American Petroleum Institute economist Thomas Hogarty said, however, that in many cases oil companies are forced to vacate locations because the land beneath the stations is owned by a third party.
"This is true for perhaps one-third of all gas stations," Hogarty said.
The small station of the future, Hogarty said, will be two or three pumps in the parking lot of a convenience store, a concept already used by Southland Corp., owner of the 7-Eleven chain. The Dallas-based corporation has included pumps at most of its 2,000 stores built since 1974 and has built many of these stores on the sites of former gas stations.
Southland hopes to begin construction of its first District gas pumps at its 7-Eleven store at Kenilworth Avenue and Hayes Street NE, according to Frank Kitchen, the company's eastern region vice president in Philadelphia.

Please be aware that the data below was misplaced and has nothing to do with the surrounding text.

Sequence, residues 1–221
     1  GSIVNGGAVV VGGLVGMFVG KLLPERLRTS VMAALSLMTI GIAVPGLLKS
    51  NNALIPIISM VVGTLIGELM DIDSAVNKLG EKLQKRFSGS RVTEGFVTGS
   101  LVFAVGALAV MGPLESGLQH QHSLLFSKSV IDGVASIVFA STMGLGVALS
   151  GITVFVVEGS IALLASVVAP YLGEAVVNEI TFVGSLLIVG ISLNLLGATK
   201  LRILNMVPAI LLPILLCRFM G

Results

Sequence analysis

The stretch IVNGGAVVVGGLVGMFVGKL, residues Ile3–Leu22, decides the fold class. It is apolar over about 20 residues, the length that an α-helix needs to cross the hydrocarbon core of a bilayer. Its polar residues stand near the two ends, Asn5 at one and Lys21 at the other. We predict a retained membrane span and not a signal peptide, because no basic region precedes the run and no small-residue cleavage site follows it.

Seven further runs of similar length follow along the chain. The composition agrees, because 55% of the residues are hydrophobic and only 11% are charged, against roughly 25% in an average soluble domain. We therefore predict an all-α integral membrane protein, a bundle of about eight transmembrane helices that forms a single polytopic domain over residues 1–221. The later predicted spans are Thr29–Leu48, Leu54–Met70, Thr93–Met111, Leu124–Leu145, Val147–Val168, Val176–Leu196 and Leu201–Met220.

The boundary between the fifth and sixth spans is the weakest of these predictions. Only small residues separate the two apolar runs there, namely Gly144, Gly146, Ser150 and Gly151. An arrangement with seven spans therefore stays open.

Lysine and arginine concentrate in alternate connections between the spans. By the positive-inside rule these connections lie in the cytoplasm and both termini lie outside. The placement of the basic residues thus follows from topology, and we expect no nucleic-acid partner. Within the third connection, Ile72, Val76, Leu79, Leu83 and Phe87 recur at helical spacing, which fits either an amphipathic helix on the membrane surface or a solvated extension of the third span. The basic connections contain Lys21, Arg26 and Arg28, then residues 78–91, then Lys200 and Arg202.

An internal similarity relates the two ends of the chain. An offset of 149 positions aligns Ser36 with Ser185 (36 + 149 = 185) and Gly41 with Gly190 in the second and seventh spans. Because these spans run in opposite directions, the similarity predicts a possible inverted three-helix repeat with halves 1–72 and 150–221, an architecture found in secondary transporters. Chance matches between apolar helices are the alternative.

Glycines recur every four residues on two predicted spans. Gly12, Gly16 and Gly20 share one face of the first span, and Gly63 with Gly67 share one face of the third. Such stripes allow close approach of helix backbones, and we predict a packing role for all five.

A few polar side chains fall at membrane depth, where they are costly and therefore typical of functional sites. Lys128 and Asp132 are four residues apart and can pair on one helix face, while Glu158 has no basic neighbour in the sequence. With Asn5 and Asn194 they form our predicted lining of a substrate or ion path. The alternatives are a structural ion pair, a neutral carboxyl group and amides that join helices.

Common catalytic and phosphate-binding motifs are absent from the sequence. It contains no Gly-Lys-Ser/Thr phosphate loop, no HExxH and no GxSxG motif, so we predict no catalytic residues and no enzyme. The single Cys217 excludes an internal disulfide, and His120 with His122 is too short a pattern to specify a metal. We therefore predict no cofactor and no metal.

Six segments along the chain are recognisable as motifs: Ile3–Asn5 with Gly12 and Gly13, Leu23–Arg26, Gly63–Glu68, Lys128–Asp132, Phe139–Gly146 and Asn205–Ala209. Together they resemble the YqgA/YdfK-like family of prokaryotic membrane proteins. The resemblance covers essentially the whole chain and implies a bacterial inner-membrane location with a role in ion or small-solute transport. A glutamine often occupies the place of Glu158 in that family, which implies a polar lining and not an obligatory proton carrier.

Several privately owned stations in the District also supplement their gas sales with other merchandise.
Robert Rinaudot, assistant manager of the Citco Station at 4200 Wisconsin Ave. NW, said his station pumps 80,000 gallons a month, largely because it also sells sandwiches, beverages, cigarettes and lottery tickets.
"People tend to stop here for their gas because of the store," Rinaudot said. He said lottery ticket sales have increased his gas business by about 10 percent.
Meanwhile, much of the gas market is going to the suburbs, where District motorists flock for less expensive gas that they can pay for with their oil-company credit cards.
"The problem is that . . . in the District no matter where you are, you're only 10 minutes from either Maryland or Virginia," Brooks said.